by Jerry Wilkinson

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On this web site I have divided the history of the Island of Key Largo into four separate pages: North Key Largo, Key Largo (Click here), Rock Harbor (Click here) and Tavernier (Click here). None of these are incorporated; therefore, are simply non-specific communities which continue to evolve. As I write the community of Rock Harbor is fading. The community of Newport has faded other than for the name of a HUD housing project. Planter which once was all of southern Key Largo is now mostly a memory being replaced by Tavernier, the name of the railroad depot and second post office. Once concrete water cisterns dotted the shoreline, but development is taking them out. Time marches on.

The north end of Key Largo, consisting of Ocean Reef and The Angler's Club, is generally thought of as a relatively new community. However, Capt. John Whalton had a garden along the Atlantic coast on north Key Largo, while manning the lightships Caesar [1826-30] and Florida [1830-37]. This was before the construction of the Carysfort Lighthouse in 1852. 

Capt. Whalton owned a house in Key West, but on occasion would bring his family to Key Largo. He had a garden and a building of some sort on the north Key Largo Atlantic shore, but it appears that he and his family stayed aboard-ship. The location of the lightship is thought to be in the area of Turtle Harbor. When Captain Whalton was coming ashore in June 1837, Indians killed him. His surviving family was taken to Indian Key and returned to Key West. Various news releases provide this information as it received considerable attention during the Second Seminole War (1835-1842). One surviving nautical chart denoting the incident is annotated Walton's Cove [sic] by HMSS Thunder Commander Barnett a few miles north of a line to the present day Carysfort Lighthouse. Basin Hills is also north of a line to Carysfort Lighhouse but not quite as much northward as Walton's Cove [sic]. My copy of the chart is not dated, but the HMS Survey ship Thunder was in operation from 1833 to 1853. The purpose for the chart was noting the Lightship Florida which he annotated Lat 25' degrees, 12 minutes and Long 80 degrees, 16 minutes, 20 seconds W.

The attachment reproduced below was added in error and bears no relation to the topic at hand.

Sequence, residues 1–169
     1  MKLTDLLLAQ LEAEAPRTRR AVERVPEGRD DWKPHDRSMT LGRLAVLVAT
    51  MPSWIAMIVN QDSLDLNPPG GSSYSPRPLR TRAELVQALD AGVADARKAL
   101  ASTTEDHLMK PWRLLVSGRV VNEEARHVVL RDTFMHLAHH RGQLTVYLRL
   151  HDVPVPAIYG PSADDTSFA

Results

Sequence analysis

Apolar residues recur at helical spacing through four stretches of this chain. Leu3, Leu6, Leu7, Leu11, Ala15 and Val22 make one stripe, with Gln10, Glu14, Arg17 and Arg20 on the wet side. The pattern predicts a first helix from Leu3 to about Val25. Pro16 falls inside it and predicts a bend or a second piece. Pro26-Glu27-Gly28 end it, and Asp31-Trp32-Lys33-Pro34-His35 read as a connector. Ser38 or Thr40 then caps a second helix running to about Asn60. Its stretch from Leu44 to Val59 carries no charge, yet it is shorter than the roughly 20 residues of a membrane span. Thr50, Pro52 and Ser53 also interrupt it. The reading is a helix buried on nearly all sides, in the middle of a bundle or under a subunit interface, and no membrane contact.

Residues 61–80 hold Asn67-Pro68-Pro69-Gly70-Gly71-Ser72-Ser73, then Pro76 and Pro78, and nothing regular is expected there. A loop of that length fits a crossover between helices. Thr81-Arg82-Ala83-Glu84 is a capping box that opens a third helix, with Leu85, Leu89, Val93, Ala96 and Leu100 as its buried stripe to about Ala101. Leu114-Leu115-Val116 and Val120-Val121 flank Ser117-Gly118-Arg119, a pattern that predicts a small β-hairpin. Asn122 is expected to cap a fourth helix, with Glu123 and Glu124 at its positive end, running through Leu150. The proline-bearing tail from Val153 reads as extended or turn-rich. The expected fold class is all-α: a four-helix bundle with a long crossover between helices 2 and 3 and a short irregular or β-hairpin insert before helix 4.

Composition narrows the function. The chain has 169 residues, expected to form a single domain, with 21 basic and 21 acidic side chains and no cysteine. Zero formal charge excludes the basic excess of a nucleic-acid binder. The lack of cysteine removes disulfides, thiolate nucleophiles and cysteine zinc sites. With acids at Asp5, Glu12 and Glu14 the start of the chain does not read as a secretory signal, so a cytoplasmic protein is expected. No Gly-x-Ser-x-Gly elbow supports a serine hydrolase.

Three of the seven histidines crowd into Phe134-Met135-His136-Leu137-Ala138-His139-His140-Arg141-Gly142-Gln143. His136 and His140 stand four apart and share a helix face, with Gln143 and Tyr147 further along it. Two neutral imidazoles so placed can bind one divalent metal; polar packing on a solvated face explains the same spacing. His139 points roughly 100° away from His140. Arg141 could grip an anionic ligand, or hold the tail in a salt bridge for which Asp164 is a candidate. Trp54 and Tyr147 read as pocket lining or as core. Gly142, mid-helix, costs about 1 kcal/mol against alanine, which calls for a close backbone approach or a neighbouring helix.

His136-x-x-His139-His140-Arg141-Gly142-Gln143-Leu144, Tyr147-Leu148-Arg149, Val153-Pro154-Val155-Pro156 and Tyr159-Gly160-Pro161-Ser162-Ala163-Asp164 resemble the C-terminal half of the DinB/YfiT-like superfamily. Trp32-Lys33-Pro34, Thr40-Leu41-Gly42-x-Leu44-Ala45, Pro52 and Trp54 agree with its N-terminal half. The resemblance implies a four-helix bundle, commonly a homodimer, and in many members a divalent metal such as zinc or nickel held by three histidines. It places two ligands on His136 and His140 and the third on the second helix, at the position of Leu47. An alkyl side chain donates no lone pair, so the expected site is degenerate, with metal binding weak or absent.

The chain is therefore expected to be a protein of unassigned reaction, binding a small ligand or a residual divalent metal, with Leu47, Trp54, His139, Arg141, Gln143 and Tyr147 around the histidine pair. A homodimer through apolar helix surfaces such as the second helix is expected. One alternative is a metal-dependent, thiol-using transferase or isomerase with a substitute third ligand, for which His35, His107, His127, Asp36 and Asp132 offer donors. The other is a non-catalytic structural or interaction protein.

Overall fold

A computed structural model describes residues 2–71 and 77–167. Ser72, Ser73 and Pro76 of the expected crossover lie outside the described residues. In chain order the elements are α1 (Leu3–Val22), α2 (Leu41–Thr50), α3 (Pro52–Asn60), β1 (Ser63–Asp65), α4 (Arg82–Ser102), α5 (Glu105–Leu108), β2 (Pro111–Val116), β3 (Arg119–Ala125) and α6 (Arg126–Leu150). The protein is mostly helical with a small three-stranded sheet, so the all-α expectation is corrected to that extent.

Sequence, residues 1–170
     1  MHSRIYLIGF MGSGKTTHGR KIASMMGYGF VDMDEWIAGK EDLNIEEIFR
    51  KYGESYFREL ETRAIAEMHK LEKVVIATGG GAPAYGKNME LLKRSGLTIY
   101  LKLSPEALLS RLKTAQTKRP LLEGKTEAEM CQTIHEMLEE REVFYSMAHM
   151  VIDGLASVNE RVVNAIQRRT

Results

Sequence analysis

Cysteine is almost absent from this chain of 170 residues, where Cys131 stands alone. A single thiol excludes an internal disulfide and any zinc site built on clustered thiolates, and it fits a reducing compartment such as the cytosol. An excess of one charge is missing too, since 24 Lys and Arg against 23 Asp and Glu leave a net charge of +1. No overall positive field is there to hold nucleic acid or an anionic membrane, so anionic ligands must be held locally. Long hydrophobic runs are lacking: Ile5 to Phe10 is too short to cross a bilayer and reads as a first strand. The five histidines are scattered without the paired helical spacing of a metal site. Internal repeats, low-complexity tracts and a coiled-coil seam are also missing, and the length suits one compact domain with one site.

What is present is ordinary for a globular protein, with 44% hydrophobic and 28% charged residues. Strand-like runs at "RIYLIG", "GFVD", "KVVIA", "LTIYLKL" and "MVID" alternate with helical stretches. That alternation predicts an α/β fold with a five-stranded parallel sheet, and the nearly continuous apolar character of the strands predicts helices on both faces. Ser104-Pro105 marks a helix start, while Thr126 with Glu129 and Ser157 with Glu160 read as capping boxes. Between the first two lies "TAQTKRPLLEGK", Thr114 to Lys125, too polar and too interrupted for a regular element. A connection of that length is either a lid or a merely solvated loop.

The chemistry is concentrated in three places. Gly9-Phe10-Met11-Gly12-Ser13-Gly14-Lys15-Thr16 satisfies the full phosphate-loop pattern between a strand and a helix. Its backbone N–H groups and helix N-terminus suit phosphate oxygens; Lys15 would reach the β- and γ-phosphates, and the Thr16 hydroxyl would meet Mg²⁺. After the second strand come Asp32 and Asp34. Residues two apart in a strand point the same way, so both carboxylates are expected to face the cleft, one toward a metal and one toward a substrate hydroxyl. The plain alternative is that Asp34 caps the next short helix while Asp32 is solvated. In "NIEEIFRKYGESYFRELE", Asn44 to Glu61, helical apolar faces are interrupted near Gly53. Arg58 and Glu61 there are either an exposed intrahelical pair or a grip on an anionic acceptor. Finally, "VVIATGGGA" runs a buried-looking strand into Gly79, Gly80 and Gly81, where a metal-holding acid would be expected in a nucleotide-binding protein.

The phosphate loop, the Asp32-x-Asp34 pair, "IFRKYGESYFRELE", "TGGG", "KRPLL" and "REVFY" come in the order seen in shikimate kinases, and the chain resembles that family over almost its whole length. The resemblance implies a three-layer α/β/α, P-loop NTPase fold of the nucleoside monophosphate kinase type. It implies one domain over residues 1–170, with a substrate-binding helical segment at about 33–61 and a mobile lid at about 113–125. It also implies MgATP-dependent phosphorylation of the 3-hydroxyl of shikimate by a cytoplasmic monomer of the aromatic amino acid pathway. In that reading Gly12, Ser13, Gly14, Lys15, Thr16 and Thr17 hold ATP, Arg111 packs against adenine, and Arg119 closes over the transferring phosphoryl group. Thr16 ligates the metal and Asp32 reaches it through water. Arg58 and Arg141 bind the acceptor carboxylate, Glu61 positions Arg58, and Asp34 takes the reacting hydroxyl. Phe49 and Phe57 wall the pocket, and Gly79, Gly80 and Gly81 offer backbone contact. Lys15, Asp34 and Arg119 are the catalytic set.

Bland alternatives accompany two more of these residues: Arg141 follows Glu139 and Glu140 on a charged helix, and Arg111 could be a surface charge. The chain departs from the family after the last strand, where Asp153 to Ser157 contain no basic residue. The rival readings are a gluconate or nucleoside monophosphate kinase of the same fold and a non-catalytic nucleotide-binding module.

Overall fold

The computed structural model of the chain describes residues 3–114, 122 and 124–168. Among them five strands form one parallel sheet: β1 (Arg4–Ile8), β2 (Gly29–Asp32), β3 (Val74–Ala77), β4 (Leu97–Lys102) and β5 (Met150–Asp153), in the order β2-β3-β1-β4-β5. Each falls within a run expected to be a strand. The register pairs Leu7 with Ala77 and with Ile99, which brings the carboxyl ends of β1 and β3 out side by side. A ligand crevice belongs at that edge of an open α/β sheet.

Additional evidence of early habitation on Key Largo is from the wrecking court records of the ship Quebec dated 26 June 1848. Thomas Bennett of the wrecking sloop Empire testified, ". . . he sent off by George Richards, carpenter of the sloop, 17 small (not readable) rocking chairs and two paintings (all that he had) on shore to be stored in a house on Key Largo which is unoccupied. . ." 

Passersby in ships made mention of a settlement on Key Largo in the mid-1800s, however no specifics. There are a few references to a late 1800s settlement at High Mangrove Point, which is a point of land on the ocean side just south of present-day Ocean Reef. There are no specific facts concerning this settlement, as there are about Basin Hills, which was a little farther south. Basin Hills existed in the same period as did Newport, Planter and Matecumbe. Its religious needs were served by the same itinerant Methodist ministers who served these communities on a weekly basis.

There are two sources of material referring to a community named Red Bird City. The first source is a Miami Herald newspaper article of a Pinder family fishing, farming and collecting red birds on Key Largo. The article is of a Ridley Curtis Pinder whose father had four sisters married to other Pinders on Key Largo. CLICK HERE to read this article.

The second source of the existence of Red Bird City is written account of Benjamin Russell by his great granddaughter, Marian L. Thompson, in collaboration with her mother, Elizabeth Page, and grandmother, Marian Russell. Research shows a Benjamin A. Russell did homestead on northern Key Largo in 1883 and the family is found in the 1885 census. Benjamin is 47 years old and his wife Ester is 39 and have five children: William W. (17), Nellie B. (11), Ella M. (8), Alice G. (6) and Marian L. (1). This account is very descriptive of family life in the early Keys and I suggest that it is a must-read. Please CLICK HERE.

There is postal data of a settlement named Aiken that may have existed on North Key Largo around 1895. I wish to hear from any reader who could collaborate this early settlement. Throughout the Keys, there were scattered settlements even before the principal population movement that occurred when Florida became a U.S. Territory in 1821. Throughout the 1800s there was plenty of Florida land seemingly un-owned. With the official surveying of the Keys in 1872, land could then be confidently identified, purchased and resold. For example, Indian Key was bought and resold many times in the early 1800s, but was never legally owned by any of the buyers and sellers until 1910. 

One of these first North Key Largo land buyers was Samuel S. Lowe  who purchased and homesteaded about 900 acres of land in the area of the old missile site on CR-905. The 1880 census  reveals a Samuel Lowe, white, male, age 40, occupation “farmer” lived on Key Largo, Florida. He lived there with his wife, Euphemia, age 36, a son Benjamin, age 15, occupation “farm laborer” and two other younger children. I conclude that owning 900 acres qualify Samuel Lowe as a serious farmer.